• Penalties for the first-offense DWI does not exceed $500, and not more than $1000 with a minor present in the vehicle. Fines for first offense DWI usually do not exceed $1000. It can increase to $2000 if a minor were present in the car during the time of the arrest. These penalties do not comprise the fees, and other expenditures the offender might incur during the completion of their sentence or the license reinstatement procedure.
  • In Maryland, future DUI and DWI convictions can carry a sentence of up to five years.

What are the lesser common terms that refer to drunken driving?

You might even come across other terms including OUI and OWI. They refer to operating under the influence and operating while intoxicated. However, these terms are not in everyday use in Maryland. They are popular in only three states – Rhode Island, Massachusetts, and Maine. In these states, “operating” refers to driving as well as handling a vehicle. The state can charge a person with OUI even when the car is in park and not running. In this state, OUI and OWI laws are different and do not apply to someone driving while they are under the influence of drugs or alcohol.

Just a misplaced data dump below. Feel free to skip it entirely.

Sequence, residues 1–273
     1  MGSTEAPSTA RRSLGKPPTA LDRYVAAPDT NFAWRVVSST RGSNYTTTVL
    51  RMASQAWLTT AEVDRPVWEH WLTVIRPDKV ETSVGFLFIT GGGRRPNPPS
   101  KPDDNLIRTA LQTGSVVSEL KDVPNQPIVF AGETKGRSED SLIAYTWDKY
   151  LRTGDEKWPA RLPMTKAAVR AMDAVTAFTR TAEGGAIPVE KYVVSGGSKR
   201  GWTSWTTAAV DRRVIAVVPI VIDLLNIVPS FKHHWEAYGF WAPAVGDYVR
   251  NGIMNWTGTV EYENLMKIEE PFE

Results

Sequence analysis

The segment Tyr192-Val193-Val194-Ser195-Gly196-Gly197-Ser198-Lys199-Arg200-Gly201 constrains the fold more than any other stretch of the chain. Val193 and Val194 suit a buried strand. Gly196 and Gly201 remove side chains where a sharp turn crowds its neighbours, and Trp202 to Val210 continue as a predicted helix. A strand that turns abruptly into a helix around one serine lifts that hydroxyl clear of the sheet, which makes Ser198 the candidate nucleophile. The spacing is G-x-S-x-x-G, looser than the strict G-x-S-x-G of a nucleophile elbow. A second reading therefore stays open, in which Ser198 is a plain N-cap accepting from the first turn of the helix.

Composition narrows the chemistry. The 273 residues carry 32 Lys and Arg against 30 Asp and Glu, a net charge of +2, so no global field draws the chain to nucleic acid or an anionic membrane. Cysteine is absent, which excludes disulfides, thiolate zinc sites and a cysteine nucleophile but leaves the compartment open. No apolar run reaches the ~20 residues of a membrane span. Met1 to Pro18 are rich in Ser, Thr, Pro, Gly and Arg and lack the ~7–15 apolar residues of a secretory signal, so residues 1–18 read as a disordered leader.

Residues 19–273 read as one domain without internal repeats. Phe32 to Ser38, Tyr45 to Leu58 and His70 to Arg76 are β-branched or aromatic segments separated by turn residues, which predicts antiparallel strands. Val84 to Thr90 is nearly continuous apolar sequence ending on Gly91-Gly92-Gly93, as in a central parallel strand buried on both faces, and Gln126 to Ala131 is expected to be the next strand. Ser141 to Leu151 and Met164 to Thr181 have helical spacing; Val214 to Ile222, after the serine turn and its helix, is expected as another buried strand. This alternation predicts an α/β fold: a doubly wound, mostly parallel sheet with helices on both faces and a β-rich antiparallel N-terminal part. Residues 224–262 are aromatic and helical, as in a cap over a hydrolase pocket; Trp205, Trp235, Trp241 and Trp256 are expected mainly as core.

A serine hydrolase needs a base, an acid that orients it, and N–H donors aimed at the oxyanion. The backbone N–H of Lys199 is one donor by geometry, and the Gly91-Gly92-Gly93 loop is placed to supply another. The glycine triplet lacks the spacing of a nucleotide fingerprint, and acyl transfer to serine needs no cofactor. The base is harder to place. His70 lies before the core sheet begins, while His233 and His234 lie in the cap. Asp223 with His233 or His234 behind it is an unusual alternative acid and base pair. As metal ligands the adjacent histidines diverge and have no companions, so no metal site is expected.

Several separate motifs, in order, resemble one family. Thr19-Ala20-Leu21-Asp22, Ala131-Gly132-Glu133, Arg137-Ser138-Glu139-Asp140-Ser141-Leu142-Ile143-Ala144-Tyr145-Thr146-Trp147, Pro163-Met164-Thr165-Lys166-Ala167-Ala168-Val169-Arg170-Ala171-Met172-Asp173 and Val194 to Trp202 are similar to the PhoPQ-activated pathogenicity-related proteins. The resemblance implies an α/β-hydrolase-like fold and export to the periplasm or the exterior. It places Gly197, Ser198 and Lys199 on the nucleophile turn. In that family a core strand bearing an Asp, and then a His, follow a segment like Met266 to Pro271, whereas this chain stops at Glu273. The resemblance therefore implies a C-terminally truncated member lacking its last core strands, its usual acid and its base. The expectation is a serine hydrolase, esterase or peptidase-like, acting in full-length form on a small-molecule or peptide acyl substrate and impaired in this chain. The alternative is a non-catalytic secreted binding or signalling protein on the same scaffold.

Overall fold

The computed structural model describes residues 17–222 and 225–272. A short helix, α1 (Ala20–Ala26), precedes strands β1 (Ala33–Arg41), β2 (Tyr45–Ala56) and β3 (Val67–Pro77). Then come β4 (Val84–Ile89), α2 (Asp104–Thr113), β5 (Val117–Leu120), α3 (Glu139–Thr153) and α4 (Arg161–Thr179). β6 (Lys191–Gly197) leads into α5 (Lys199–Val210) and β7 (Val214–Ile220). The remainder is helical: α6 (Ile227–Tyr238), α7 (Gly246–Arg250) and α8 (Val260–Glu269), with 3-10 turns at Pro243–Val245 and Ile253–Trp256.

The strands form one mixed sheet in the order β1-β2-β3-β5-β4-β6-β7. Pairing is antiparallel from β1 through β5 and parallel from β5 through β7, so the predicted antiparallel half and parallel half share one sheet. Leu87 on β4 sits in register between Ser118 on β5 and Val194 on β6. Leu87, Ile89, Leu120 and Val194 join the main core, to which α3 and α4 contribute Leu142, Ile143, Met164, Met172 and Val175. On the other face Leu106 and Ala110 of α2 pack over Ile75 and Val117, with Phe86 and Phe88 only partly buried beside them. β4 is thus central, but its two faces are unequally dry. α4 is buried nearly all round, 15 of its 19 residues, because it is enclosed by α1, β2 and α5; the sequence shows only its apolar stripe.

Why do Maryland residents require legal counsel for DUI/DWI charges?

In the state of Maryland, the statutory language does not outright bar plea options to lessen DUI/DWI charges into non-criminal or lesser criminal charges. If you are facing similar charges, you should seek the immediate counsel of expert Baltimore car accident attorneys for the negotiation of favorable terms. Several specific cases can allow the charges to be dismissed. However, it is almost impossible to achieve that without expert help. Get in touch with your DUI/DWI lawyer immediately for assistance.

It is for sure that either DWI or DUI charges mean that the driver was behaving dangerously behind the wheel of a car. The police officer can charge the driver with a DUI or DWI depending on the failed sobriety test on the field, even when their BAC is well below the state’s legal limit. Depending on your state of arrest, the BAC and field sobriety test results will impact the legal outcomes. Some states have zero-tolerance policies for drunken driving, and they may not distinguish between DWI and DUI charges.

How to save time and money?

Every state in the US takes DUI as a severe offense. According to the NHTSA, there is at least one death every fifty minutes due to drunk driving. The dangers of drunk driving are hard to overlook. Therefore, people, who are thinking about self-representation in court during their DUI or DWI case hearings, should give their decision a serious thought. You are facing criminal charges, and unless you have working experience in the field of DUI laws, you have slim chances of leaving a free man. Give your Maryland DUI and DWI lawyer a call to find out your best opportunities before the case goes on trial.